A frequently asked question regarding Tanzania safaris is: What’s all the hype about the Serengeti and the wildebeest migration?
First, a short geography lesson…
Serengeti is Africa’s most famous wildlife area thanks to the world’s largest unaltered mammal migration, during which two million wildebeest along with hundreds of thousands of other ungulates engage in a 1,000 km long circular trek. The ecosystem encompasses 10,395 m², with Serengeti National Park at the heart of the larger Serengeti ecosystem. It is comprised of a variety of habitats: grass plains, woodlands, wetlands, mountains, lakes, riverine areas and thick bushes.
The area is contiguous with Ngorongoro Conservation Area (8,292 km2). The entire ecosystem includes the Maswa Game Reserve in the South, Ikorongo and Grumeti Game Reserves in the West, Loliondo Game Controlled Area in the East and Maasai Mara National Reserve to the North (Kenya). The ecosystem supports not only the world’s largest ungulate migration but also the highest concentration of large predators in the world. Estimates put numbers at two million wildebeest, 250,000 zebra and 440,000 Thompson gazelle.
What will be going on during my visit?
The migration is set on its course by a change in season. As the dry season sets in, the food and water supply in that area dwindle, forcing them to move in search of fresh pastures. The most important point to note is that nothing is certain; there is unpredictability in this naturally occurring phenomenon. Our insights and tracking over time have allowed us to anticipate where the herds will generally be located at certain times of the year.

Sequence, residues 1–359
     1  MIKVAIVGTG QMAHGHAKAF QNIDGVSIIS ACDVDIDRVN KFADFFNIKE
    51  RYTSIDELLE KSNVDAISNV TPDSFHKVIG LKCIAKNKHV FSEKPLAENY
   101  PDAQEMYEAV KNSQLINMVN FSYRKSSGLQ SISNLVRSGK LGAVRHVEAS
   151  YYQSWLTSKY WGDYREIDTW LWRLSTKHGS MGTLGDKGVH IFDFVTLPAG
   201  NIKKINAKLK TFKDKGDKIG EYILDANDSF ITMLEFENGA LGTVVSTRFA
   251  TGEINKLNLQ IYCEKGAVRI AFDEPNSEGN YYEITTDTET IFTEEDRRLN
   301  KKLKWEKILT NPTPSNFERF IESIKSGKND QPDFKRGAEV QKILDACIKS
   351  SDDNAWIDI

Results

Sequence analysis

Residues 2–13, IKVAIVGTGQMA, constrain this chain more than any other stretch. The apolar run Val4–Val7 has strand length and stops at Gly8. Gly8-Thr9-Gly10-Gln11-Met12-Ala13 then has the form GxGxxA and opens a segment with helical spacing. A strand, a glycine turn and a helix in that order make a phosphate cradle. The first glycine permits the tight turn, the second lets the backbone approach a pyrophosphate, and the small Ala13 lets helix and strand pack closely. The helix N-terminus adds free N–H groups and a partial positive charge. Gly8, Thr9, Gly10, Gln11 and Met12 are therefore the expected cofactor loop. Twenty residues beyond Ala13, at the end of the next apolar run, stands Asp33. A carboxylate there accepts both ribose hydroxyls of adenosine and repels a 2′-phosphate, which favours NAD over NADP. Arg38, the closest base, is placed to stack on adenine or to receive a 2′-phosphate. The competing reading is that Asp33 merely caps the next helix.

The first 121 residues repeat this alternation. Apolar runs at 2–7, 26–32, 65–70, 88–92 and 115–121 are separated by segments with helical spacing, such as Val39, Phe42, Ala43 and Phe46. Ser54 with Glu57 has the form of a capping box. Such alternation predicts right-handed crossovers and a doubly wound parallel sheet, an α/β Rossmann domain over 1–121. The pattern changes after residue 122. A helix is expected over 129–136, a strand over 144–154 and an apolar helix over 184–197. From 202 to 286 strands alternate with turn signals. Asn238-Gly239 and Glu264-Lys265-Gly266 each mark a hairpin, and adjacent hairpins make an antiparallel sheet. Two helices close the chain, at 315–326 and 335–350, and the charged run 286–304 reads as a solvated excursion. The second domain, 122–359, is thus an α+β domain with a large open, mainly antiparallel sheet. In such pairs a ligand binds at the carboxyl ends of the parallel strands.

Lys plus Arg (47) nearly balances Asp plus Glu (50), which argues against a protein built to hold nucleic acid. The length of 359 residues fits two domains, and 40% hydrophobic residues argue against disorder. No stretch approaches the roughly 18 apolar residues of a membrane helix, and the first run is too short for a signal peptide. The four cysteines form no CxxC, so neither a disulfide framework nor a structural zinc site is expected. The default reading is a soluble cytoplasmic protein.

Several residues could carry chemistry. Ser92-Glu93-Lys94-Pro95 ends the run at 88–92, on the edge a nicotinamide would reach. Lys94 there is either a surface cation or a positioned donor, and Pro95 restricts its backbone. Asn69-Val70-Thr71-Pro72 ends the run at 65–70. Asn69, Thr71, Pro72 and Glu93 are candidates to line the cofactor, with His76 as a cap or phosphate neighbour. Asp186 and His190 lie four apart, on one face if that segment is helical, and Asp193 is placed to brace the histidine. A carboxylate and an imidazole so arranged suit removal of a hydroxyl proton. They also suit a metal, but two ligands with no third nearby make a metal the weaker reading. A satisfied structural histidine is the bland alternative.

From late December through March,
the herds are typically spreading out across the southern Serengeti plains where the grasses are long. These plains include an area within the Serengeti National Park border, and an area just beyond the border called Ndutu. The green season at this time makes the short grass plains in these areas a food source for the migrating herds. This can be considered the epicenter of the migration, with the calving season occurring in February, typically within a two-week window.
the calves have grown enough that the herds start moving northward into central Serengeti, traversing Moru kopjes, Maasai kopjes and Seronera valley. The valley’s Seronera River is the best place to observe large carnivores in action. Leopards and lions claim habitat along the river where they easily ambush their prey. By late May the herds are usually moving west, bunching together before some cross the Grumeti River, a harrowing experience laden with hungry predators and deep waters.
some herds begin heading north, where there are several more significant river crossings that test their strength and perseverance as they spread out across northern Serengeti and into Kenya’s Maasai Mara National Reserve. The Mara River is famous for the dramatic crossings featured in many documentaries. It is here where the world’s largest crocodile, the Nile crocodile, lays in wait for a meal. Half of the river is situated in Tanzania’s north Serengeti and hosts migrating herds well into November.
As the short rainy season begins in November,
the herds move southeast as the cycle begins again.
Will I see other animals if I don’t catch the migration?
Serengeti offers exceptional game viewing year-round. The variety and abundance of wildlife is far greater than any other park in Africa. Resident animals are plentiful and regardless of when you travel, a vast array of wildlife can be spotted due to the size and nature of the park.